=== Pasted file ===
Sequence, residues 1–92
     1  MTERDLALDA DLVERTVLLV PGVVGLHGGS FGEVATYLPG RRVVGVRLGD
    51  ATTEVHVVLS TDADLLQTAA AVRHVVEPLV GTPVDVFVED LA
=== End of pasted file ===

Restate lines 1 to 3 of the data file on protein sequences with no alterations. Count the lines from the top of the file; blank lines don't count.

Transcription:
Sequence, residues 1–92
     1  MTERDLALDA DLVERTVLLV PGVVGLHGGS FGEVATYLPG RRVVGVRLGD
    51  ATTEVHVVLS TDADLLQTAA AVRHVVEPLV GTPVDVFVED LA